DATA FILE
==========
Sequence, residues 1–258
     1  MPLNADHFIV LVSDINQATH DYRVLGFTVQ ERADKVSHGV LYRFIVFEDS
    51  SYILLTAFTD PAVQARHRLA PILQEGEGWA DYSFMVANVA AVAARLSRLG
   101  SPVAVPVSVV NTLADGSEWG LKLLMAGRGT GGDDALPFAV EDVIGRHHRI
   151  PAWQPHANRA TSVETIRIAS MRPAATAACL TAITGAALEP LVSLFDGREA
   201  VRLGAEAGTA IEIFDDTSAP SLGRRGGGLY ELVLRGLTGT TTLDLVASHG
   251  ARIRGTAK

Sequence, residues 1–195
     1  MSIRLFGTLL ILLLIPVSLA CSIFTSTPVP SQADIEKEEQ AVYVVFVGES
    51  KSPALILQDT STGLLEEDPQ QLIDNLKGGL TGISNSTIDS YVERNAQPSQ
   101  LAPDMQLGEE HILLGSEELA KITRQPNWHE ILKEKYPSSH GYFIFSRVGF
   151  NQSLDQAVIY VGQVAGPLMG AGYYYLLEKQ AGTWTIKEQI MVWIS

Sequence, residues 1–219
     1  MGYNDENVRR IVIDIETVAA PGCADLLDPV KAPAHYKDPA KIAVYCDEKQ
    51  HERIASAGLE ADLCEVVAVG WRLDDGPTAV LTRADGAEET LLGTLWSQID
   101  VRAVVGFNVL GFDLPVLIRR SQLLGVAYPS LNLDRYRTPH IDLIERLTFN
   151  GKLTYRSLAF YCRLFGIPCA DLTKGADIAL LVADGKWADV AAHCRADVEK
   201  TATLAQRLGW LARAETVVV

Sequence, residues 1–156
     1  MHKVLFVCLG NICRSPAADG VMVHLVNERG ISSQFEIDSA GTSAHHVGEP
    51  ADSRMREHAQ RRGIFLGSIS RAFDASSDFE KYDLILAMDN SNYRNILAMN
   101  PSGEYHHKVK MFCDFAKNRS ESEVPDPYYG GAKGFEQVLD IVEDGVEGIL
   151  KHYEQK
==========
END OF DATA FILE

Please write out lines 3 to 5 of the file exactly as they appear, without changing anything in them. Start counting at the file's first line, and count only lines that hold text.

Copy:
    51  SYILLTAFTD PAVQARHRLA PILQEGEGWA DYSFMVANVA AVAARLSRLG
   101  SPVAVPVSVV NTLADGSEWG LKLLMAGRGT GGDDALPFAV EDVIGRHHRI
   151  PAWQPHANRA TSVETIRIAS MRPAATAACL TAITGAALEP LVSLFDGREA